Key Takeaways: The U.S. federal government’s Paycheck Protection Program (PPP) resulted in Type I and Type II errors. Type II errors, in which those eligible for loans did not get them, has been particularly challenging for black-owned businesses. These challenges should have been anticipated, given historical evidence on discrimination in access to credit. To remedy these issues, we suggest policy makers collect more data on loan applicants and recipients, and consider how program design may have differential impact on black and underrepresented minority business owners.
Key Takeaways: Sixteen years ago, the US had a near miss with SARS when the virus shut down many of the Western Pacific countries. Would we have managed the current COVID 19 crisis better, had we been less lucky earlier? Data suggests yes; countries which had experienced the smaller scale epidemic 16 years ago have notably fewer casualties. How do decision makers learn from a rare event and prepare for the future? A few ideas from organizational learning may help: attend to near misses, learn vicariously, watch out for competency traps and downplay theory.
Key Takeaways: An environmental shock can help overcome the inertia that holds old processes and norms in place. This disruption creates a window of opportunity during which breakthrough innovation may be more successfully introduced, and in which some technology trajectories will suddenly accelerate. Examples from remote work, telemedicine and online education are provided, followed by strategic implications for managers.
Key Takeaways: Considering when to reopen a regional economy comes down to how the decision maker(s) worries about the tradeoff between the costs of opening too early and staying closed too long, which are due to the difficulty in predicting behavior of the virus. Since different stakeholders differentially bear those costs, the influence of those stakeholders can affect which mistake the decision maker views as less costly. In addition, we recommend that the decisions to reopen be made by experts, scientists or by mayors and governors who seek the advice of scientists.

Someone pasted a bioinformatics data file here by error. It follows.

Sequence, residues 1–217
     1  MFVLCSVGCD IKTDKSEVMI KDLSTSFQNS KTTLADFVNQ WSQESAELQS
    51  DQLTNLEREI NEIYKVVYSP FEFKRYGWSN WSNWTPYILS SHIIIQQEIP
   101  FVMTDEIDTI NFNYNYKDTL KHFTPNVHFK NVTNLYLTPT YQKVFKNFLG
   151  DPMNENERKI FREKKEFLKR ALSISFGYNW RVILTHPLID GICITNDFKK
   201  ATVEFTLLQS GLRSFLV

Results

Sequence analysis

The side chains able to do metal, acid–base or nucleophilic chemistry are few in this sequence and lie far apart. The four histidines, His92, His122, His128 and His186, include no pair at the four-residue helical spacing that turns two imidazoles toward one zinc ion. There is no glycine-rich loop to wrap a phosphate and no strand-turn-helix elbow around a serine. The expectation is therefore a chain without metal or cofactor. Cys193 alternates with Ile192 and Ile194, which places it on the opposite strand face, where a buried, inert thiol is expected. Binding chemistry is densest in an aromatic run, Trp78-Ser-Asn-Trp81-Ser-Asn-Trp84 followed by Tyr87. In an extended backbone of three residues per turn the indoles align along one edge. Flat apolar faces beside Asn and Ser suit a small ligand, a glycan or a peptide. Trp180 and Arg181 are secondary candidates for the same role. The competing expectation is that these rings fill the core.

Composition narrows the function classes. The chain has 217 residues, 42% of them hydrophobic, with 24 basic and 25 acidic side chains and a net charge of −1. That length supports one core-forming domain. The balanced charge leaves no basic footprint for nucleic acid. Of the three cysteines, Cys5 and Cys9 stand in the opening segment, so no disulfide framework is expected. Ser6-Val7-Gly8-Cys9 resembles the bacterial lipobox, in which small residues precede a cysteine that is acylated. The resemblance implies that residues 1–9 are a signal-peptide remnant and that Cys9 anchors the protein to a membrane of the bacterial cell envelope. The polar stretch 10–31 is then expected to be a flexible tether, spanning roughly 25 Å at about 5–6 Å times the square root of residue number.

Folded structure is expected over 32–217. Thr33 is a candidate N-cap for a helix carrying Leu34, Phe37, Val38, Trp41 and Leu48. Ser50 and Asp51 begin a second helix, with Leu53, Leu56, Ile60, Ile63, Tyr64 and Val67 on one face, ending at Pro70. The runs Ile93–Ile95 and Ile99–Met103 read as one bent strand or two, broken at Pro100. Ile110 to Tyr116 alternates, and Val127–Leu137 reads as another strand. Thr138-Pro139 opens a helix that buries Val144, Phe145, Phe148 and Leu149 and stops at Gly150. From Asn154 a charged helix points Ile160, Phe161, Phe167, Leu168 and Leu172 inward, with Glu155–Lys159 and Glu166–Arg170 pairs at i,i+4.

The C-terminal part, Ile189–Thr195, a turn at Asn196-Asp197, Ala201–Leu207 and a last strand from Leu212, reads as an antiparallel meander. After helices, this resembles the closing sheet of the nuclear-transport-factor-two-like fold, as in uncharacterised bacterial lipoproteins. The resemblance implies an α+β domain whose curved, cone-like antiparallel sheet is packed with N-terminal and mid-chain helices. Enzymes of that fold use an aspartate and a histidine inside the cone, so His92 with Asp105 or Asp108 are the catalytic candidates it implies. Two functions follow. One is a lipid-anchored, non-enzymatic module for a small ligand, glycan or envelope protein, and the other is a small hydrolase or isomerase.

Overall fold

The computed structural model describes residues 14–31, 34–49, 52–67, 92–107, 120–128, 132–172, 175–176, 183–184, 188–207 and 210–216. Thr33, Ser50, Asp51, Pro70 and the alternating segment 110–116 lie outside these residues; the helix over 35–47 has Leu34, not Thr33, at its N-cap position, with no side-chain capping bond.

Key Takeaways: Covid-19 has halted business travel in much of the world, depriving global teams of the benefits of in-person contact during a period of elevated organizational stress. Under such conditions, cooperation and trust are more likely to break down. Leaders can work in various ways to foster common ground across physical, cultural, and social distance.
Key Takeaways: The coronavirus pandemic was an “environmental jolt” that altered work lives for workers around the world. We focus on how the abrupt transition to remote work for many organizational employees may have implications for organizational identification and communication processes within the organization. Managers need to understand these effects in order to keep employees engaged and cultivate resilient organizations.
Key Takeaways: The coronavirus pandemic has slowed the worldwide economy and imposed significant market frictions that may hinder future innovation. However, previous crises have shown that such black swan events can serve as a catalyst for some forms of invention and alter the direction of future innovation.
Key Takeaways: While remote learning is a necessity during the current crisis, it offers unique challenges for first-generation students. These students are less likely to feel that they belong in college, which in turn harms their performance and increases their drop-out rates. Universities need to sustain connection to first-generation students, not only through remote coursework, but through virtual social and cultural engagement as well.
Key Takeaways: The shift to working from home places a spotlight on Americans’ unequal access to broadband. During the crisis, managers should respond with inclusive policies such as “low tech” options to access meetings and subsidies to help employees pay for broadband at home. Given broadband’s demonstrated economic benefits, policymakers should expand broadband access via measures that address both demand-side and supply-side issues.
Key Takeaways: New York City’s experience with the West Nile Virus in 1999 provides lessons for managers dealing with the current pandemic. Managers should make an effort to communicate beyond their usual network, should keep an open mind and update their beliefs about what is happening frequently, and remember to uphold basic human values such as compassion, fairness, conscientiousness, honesty, integrity, and courage.